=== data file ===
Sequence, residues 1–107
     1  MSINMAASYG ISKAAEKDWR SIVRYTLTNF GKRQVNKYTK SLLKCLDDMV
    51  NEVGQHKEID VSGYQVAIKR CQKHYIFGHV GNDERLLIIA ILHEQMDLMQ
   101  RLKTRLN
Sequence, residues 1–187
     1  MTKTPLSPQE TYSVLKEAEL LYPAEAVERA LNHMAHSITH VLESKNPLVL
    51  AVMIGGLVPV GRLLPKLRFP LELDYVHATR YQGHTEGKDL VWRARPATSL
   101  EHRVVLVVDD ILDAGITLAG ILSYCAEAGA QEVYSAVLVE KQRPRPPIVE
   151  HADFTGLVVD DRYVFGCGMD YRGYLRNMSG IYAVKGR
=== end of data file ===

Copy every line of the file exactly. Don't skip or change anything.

Sequence, residues 1–107
     1  MSINMAASYG ISKAAEKDWR SIVRYTLTNF GKRQVNKYTK SLLKCLDDMV
    51  NEVGQHKEID VSGYQVAIKR CQKHYIFGHV GNDERLLIIA ILHEQMDLMQ
   101  RLKTRLN
Sequence, residues 1–187
     1  MTKTPLSPQE TYSVLKEAEL LYPAEAVERA LNHMAHSITH VLESKNPLVL
    51  AVMIGGLVPV GRLLPKLRFP LELDYVHATR YQGHTEGKDL VWRARPATSL
   101  EHRVVLVVDD ILDAGITLAG ILSYCAEAGA QEVYSAVLVE KQRPRPPIVE
   151  HADFTGLVVD DRYVFGCGMD YRGYLRNMSG IYAVKGR